by WorldTribune Staff, May 9, 2019
U.S. President Donald Trump on May 8 announced sanctions on Iran’s trade in metals, which is the Islamic Republic’s third largest export.
Trump’s executive order imposes sanctions on Iran’s iron, steel, aluminum, and copper sectors.
Trump said the new sanctions target “Iran’s revenue from the export of industrial metals — 10 percent of its export economy — and puts other nations on notice that allowing Iranian steel and other metals into your ports will no longer be tolerated.”
Related: Gulf deployment ordered after intel revealed ‘credible’ Iran threat to U.S. forces in region, May 7, 2019
The U.S. president has already moved to restrict Iran’s oil exports, the country’s largest source of hard currency.
“Teheran can expect further actions unless it fundamentally alters its conduct,” Trump said, adding that he was open to talks. “I look forward to some day meeting with the leaders of Iran in order to work out an agreement and, very importantly, taking steps to give Iran the future it deserves.”
U.S. Secretary of State Mike Pompeo said on May 8 that “We will deny the regime the resources it uses to fund terror.”
“Today marks one year since President Trump made the historic decision to leave the Iran nuclear deal and embark on a bold new strategy to counter Iran. Our maximum pressure campaign has already achieved historic success,” Pompeo tweeted.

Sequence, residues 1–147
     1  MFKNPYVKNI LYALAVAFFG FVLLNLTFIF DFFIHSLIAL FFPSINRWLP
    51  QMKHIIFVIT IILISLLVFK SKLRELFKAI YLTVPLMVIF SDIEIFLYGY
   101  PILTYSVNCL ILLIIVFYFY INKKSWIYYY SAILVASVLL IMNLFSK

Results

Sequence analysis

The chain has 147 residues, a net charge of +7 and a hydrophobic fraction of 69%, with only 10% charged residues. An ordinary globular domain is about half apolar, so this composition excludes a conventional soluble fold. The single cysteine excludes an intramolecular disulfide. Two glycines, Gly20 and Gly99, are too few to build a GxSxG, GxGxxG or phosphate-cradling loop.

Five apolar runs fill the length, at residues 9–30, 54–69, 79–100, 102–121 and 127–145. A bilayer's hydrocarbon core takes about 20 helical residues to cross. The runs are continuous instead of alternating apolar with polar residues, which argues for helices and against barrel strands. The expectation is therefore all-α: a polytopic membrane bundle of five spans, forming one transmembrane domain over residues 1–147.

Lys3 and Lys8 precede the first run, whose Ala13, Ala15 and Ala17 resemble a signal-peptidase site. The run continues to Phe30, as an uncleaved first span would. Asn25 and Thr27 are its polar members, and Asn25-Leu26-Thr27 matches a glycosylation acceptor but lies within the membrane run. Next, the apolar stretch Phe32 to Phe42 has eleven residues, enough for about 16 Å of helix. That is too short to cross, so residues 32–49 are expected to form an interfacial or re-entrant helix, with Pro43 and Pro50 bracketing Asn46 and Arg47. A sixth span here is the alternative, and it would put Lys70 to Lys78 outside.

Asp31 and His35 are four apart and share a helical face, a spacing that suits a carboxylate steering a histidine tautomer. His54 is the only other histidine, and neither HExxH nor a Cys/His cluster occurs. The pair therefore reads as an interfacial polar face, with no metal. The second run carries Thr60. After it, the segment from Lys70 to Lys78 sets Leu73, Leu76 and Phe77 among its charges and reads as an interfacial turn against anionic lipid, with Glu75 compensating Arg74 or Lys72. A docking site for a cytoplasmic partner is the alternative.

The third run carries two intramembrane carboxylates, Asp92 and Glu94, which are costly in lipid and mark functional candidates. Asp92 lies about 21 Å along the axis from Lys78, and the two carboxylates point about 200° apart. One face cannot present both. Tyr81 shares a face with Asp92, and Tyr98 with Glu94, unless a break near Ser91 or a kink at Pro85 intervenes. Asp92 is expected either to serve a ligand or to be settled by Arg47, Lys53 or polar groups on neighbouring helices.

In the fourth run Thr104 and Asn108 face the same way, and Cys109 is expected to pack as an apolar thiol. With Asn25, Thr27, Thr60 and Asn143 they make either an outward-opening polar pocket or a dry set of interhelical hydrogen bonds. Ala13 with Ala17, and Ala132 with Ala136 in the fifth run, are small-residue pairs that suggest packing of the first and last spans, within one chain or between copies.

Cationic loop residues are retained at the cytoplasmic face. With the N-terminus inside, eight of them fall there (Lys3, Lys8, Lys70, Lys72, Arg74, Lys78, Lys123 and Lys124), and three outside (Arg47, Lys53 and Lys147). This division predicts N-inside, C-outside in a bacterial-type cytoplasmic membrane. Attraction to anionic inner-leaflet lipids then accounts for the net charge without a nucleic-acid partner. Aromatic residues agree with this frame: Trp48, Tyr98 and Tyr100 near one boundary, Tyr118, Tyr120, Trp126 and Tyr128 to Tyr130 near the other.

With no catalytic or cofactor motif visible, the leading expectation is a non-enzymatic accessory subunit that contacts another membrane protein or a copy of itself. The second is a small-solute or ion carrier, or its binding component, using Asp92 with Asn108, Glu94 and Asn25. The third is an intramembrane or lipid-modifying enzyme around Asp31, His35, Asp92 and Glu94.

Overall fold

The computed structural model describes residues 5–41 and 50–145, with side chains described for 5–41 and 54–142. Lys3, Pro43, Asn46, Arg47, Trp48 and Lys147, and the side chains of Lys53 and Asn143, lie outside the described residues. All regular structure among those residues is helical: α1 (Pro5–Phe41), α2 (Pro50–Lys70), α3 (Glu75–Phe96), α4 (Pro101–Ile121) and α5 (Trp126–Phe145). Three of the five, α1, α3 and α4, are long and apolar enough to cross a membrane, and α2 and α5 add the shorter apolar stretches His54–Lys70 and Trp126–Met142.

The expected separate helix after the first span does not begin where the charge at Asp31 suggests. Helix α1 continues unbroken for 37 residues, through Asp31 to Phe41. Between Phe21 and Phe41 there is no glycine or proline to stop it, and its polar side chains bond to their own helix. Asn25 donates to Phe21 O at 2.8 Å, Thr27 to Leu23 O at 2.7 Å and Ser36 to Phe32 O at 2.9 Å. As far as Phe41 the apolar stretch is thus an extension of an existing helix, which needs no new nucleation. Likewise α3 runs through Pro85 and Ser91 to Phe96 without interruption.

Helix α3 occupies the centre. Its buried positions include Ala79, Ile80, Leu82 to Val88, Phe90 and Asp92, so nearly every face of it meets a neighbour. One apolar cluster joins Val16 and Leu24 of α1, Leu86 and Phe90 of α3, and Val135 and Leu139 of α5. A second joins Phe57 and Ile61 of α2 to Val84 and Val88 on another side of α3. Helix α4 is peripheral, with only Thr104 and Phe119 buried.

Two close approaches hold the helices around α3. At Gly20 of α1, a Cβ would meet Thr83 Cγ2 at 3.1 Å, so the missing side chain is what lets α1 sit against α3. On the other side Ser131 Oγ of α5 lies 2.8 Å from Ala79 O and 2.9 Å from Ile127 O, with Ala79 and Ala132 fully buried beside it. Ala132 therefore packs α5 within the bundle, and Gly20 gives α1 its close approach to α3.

Pompeo also responded to Iran’s decision to reduce some of its commitments under the 2015 nuclear deal with world powers.
“The Iranian regime’s announcement that it intends to expand its nuclear program defies international norms and is a blatant attempt to hold the world hostage,” Pompeo said. “We call on the international community to hold Iran’s regime accountable for its threat to expand its nuclear program.”
Hours prior to Pompeo’s comments, Iran threatened to enrich its uranium stockpile closer to weapons-grade levels in 60 days if world powers fail to negotiate new terms.
The Western European parties in the nuclear deal, Britain, France, and Germany, criticized Iran’s “unwelcome” step and warned Teheran not to abandon the deal.
Russia, another signatory to the agreement, said Washington was to blame for Iran’s decision.
Israeli Prime Minister Benjamin Netanyahu, meanwhile, stressed that Israel will prevent Iran from acquiring nuclear weapons.
“We will not allow Iran to achieve nuclear weaponry. We will continue to fight those who would kill us,” Netanyahu said at the Memorial Day ceremony at the central military cemetery on Mount Herzl in Jerusalem.
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